Prison crisis in Venezuela becomes political football
The struggle to retake a Venezuelan prison from its heavily-armed inmates has spawned a political battle, with the government opening an investigation into the prison gang bosses’ alleged links to opposition politicians.
The armed takeover of a Venezuelan prison by its inmates is the clearest sign yet that the country's penal system is in a state of meltdown. The confrontation was sparked on Friday when the military tried to carry out a search for weapons in El Rodeo II prison, in the Caribbean coast state of Miranda. The inmates resisted, led by powerful gang leaders known as “pranes," and since then they have been battling with some 4,000 troops sent to restore order. This latest outbreak follows the death of 19 inmates in riots in the adjoining Rodeo I prison the previous week.Skip to next paragraph
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The government has deployed tanks and reportedly used weapons of war in its attempt to regain control, and on Sunday evacuated 2,500 inmates from Rodeo I to prisons elsewhere in the country. A fire broke out in the facility, and one inmate told the Associated Press that 17 people had died during the confrontation.
The dramatic events demonstrate just how far Venezuela’s prison system has deteriorated, allowing the inmates to amass enough weapons and ammunition to hold off the armed forces for five days, and counting.
Venezuelan authorities said that most of the individuals still holed up in the prison want to make peace but are being held hostage by the prison bosses, who have been identified as Francisco Ruiz Estanga, alias “El Yofre,” and as Yorvis Lopez Cortez, “El Oriente.” The pair have reportedly long controlled the prison using a private army of 1,118 men, and masterminded the hostage taking of 22 prison officials in April.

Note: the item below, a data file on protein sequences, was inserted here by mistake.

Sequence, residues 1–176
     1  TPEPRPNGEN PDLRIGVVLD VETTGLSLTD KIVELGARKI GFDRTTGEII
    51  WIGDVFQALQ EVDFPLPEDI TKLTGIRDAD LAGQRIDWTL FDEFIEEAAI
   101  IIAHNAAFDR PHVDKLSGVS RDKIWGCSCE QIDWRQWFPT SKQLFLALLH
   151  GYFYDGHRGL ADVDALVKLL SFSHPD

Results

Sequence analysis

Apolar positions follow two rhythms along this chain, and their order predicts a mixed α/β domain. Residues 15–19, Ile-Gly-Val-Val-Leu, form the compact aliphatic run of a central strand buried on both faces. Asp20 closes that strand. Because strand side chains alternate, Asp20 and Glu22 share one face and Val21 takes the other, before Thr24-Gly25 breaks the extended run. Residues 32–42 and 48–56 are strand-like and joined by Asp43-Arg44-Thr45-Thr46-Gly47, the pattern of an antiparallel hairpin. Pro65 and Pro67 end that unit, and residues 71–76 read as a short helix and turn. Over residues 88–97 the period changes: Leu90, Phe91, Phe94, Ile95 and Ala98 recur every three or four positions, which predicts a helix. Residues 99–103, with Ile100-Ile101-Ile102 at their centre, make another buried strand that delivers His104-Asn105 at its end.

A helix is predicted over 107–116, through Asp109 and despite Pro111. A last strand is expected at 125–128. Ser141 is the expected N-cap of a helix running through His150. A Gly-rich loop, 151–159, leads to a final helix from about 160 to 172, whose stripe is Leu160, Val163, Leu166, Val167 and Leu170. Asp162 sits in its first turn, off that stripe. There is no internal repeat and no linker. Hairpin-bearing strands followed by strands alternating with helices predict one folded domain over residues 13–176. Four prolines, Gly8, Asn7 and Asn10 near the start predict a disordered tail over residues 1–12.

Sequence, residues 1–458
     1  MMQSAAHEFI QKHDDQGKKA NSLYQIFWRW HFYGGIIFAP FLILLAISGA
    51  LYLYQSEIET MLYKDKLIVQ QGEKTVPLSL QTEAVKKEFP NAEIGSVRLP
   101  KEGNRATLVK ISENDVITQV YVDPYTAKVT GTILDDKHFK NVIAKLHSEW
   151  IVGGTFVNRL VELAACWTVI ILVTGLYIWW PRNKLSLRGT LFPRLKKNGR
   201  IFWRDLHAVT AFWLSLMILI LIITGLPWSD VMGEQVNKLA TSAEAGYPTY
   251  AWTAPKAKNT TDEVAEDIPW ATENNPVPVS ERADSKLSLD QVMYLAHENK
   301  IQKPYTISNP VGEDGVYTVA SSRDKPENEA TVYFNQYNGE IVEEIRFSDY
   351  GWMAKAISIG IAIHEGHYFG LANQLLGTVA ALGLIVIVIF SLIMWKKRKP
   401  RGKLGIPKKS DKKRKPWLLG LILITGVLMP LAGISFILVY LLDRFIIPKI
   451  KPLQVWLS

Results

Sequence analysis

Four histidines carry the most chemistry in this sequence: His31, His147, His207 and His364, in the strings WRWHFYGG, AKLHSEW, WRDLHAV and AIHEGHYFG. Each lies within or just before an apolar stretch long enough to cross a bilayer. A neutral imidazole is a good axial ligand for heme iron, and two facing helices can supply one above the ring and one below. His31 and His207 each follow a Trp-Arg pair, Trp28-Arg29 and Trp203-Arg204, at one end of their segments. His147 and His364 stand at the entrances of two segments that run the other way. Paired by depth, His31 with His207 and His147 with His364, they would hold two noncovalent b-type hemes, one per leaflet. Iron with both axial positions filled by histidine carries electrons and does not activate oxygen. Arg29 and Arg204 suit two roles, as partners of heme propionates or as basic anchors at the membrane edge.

There have been reports that the bosses executed 12 prisoners who were trying to escape, though the government says that only one prisoner has died in the fighting so far.
A recent New York Times report highlighted the role of these "pranes" in San Antonio prison on Margarita Island, where prisoners openly carry assault rifles and outsiders can enter to buy drugs like crack cocaine. Inmates told the newspaper that the prison is under the control of a “pran” named Teofilo Rodriguez, alias “El Conejo.” He does not just dominate through violence, but also keeps order and ensures a good standard of living for the prisoners, they said.
A video report shows Mr. Rodriguez’s logo, a Playboy bunny, covering the walls of the prison, and even tattooed onto the bodies of his followers. In an interview with reporter Simon Romero, the boss said he was considering entering politics when he leaves prison. According to reports in the Venezuelan press, Rodriguez is guarded by two security rings, made up of 25 members, known as "pranes menores" (lesser prison bosses).
The disastrous state of affairs in Venezuela’s prisons, where these bosses often control whole institutions, has been brought about in large part by underfunding. Many prisons are highly overcrowded, with inmates greatly outnumbering the wardens.